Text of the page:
## Fractions

Complexity: Standard

<h1><strong>FRACTIONS </strong></h1> CONTENT <ol> <li>Definition and Types of Fractions</li> <li>Conversion of Fraction to Decimal and Vice Versa</li> <li>Conversion of Fractions to Percentages and Vice Versa</li> <li>Quantitative Aptitude on Fractions</li> </ol> <br> <h2><strong>What are fractions?</strong></h2> Fractions are portion or part of whole number that describes quantities. ExamplesConsider the shapes below:<img class="size-full wp-image-23522 aligncenter" src="https://classhall.com/wp-content/uploads/2018/06/fractions.jpg" alt="Fractions" width="490" height="150" /> <h2><strong>Types of Fractions</strong></h2> Fractions are divided into four basic types:(i) <strong>A Proper Fraction</strong>It is a fraction having both numerator and denominator. And such is said to be rational. In a proper fraction, its numerator is smaller in quantity than its denominator. We can use a funny example to explain. Suppose a 15 years old boy is made to carry on his head two small tubers of yam. We can see that he can comfortably and conveniently carry them without feeling the heaviness of the weight of the tubers, on his neck. If we let the boy be the denominator and the two tubers of yam to be numerator, we can reason or compare that the <strong><em>numerator</em></strong> (the yam tubers) and the 15 year-old boy (the <strong><em>denominator</em></strong>) are not equal in weight. Obviously in this example the numerator is lighter than the denominator. It is a proper thing for anyone to do when placing loads on a child’s head. The load on a child’s head should not be heavier than the body mass of that child. So, it is proper. That is exactly what a <strong>proper fraction</strong> looks like.Examples of <strong>proper fractions</strong> are : $$\frac{4}{19}, \frac{1}{13}, \frac{12}{13}, \frac{43}{81}, \frac{34}{43}, \frac{122}{123}, \frac{72}{144},$$ etc.(ii)<strong> An Improper Fraction</strong>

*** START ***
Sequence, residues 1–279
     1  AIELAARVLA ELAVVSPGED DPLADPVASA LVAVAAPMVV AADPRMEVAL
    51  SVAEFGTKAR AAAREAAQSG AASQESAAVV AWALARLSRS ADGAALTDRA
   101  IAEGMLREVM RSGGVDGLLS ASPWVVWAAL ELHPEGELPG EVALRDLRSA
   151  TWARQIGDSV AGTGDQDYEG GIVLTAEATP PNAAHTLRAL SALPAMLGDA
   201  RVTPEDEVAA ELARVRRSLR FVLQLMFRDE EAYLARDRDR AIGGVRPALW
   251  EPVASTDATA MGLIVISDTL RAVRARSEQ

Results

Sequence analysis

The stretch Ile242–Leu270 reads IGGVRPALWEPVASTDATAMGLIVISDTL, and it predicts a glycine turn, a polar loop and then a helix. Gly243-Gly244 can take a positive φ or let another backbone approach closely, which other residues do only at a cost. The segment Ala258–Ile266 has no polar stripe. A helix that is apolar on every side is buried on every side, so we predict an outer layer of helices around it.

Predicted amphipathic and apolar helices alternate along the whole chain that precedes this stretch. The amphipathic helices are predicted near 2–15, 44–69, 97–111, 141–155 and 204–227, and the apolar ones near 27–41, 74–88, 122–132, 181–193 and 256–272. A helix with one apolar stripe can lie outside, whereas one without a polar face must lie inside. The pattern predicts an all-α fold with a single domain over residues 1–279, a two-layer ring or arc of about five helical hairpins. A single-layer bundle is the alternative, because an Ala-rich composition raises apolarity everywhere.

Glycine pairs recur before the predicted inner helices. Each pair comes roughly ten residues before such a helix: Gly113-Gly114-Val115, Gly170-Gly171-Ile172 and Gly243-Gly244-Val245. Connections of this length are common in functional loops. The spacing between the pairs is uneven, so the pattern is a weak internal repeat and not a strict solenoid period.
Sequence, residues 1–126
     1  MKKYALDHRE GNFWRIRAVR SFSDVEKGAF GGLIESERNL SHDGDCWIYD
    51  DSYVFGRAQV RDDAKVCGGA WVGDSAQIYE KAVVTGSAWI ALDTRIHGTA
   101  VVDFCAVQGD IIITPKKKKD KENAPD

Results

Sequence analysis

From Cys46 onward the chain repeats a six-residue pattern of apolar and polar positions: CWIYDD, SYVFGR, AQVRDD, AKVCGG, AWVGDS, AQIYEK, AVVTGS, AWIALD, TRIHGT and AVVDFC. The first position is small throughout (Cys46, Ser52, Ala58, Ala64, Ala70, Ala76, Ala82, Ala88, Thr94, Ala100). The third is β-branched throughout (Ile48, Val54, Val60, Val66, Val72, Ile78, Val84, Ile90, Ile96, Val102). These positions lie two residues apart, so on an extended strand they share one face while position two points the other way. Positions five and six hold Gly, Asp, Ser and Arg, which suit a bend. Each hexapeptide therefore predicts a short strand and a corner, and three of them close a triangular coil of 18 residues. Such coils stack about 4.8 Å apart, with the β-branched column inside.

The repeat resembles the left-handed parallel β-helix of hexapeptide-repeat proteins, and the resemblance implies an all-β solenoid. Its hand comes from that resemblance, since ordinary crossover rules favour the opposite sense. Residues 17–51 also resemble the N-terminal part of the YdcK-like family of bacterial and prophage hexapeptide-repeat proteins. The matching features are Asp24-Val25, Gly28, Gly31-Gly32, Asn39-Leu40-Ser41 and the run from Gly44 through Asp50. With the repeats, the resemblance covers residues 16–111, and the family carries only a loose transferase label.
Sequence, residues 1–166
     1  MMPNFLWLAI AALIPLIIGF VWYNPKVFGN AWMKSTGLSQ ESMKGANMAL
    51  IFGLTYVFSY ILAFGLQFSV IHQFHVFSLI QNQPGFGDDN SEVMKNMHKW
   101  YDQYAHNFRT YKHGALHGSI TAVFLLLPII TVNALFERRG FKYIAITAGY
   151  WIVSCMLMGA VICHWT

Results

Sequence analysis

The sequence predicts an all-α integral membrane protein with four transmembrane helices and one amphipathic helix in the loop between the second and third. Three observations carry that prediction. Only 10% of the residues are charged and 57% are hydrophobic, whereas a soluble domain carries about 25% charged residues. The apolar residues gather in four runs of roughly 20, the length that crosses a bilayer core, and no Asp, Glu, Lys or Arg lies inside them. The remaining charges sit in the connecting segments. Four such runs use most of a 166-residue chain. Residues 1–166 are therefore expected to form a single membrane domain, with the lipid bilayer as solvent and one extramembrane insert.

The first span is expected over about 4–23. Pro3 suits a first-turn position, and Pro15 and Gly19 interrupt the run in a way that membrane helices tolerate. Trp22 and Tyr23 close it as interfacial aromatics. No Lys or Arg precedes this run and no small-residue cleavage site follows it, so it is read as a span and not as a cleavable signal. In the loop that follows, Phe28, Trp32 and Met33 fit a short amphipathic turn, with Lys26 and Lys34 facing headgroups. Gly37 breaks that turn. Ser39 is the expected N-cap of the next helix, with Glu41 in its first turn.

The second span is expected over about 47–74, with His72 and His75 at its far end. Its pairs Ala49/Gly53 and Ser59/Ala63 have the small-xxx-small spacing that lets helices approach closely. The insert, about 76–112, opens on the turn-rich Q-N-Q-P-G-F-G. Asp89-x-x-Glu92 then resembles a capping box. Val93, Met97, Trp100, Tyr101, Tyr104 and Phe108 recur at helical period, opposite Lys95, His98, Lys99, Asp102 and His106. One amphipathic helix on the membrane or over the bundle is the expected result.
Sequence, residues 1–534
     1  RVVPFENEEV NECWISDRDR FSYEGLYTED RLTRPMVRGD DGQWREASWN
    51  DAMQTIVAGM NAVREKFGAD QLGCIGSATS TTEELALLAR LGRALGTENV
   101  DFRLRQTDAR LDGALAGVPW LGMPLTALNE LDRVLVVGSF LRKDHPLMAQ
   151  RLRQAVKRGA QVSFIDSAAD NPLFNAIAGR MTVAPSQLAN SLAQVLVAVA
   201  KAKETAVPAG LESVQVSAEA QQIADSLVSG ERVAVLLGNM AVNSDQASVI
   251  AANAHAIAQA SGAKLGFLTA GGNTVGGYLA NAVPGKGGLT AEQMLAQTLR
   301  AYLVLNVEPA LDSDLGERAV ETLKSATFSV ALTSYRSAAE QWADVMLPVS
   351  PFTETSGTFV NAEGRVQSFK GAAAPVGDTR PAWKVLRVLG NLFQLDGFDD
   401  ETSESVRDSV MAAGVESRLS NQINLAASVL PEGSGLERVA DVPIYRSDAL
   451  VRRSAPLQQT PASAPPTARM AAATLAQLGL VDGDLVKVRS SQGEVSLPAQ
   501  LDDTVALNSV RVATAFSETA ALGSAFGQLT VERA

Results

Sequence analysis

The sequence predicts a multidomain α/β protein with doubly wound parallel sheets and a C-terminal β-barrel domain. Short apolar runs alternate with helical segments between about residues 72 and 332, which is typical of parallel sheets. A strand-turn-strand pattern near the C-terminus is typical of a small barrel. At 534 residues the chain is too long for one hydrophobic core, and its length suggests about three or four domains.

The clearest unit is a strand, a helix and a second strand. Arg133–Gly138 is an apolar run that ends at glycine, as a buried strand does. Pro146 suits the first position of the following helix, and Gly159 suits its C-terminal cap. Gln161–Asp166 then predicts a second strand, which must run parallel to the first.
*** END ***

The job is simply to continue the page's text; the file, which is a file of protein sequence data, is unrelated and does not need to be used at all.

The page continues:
## Averages: Mean, Median and Mode

Complexity: Standard

## Whole Numbers II

Complexity: Standard

## Bearing and Distances

Complexity: Standard

## Construction

Complexity: Standard

## Counting in Base 2

Complexity: Standard

Unfortunately we could not locate the table you're looking for.<h1><strong>COUNTING IN BASE 2</strong></h1> CONTENT <ol> <li>Number Bases</li> <li>Counting in Group of Twos</li> <li>Conversion from Base 10 Numerals to Binary Numbers</li> <li>Conversion from Binary to Decimal</li> </ol>   <h2><strong>Number Bases</strong></h2> In Mathematics, a <strong>base</strong> or <strong>radix</strong> is the number of different digits or combination of digits and letters that a system of counting uses to represent numbers. For example, the most common base used today is the decimal system. Because "dec" means 10, it uses the 10 digits from 0 to 9. Most people think that we most often use base 10 because we have 10 fingers.A base can be any whole number bigger than 0 (if it was 0, then there would be no digits). The base of a number may be written next to the number: for instance, 23<sub>8</sub> means 23 in base 8 (which is equal to 19 in base 10).The popularity of the base 2, 8 and 16 is because of its use in modern technology.  <h2><strong>Counting in Groups of Twos (Binary)</strong></h2> A Binary Number is made up of only <strong>0</strong>s and <strong>1</strong>s. An example is 110100

## Introduction to Statistics

Complexity: Standard

## Mathematics Upper Basic 8 First Term Examination (Mock)

Complexity: Standard

## Angles of Elevation and Depression

Complexity: Standard

## Variations

Complexity: Standard